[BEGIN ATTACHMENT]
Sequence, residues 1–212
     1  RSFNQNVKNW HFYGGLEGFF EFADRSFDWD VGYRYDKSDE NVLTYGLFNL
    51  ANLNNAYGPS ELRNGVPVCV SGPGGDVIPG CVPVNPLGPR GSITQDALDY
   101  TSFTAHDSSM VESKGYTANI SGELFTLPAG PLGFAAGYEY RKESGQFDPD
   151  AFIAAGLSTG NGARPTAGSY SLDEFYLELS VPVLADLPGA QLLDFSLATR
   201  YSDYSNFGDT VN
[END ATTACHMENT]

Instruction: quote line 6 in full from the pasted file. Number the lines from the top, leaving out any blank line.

   201  YSDYSNFGDT VN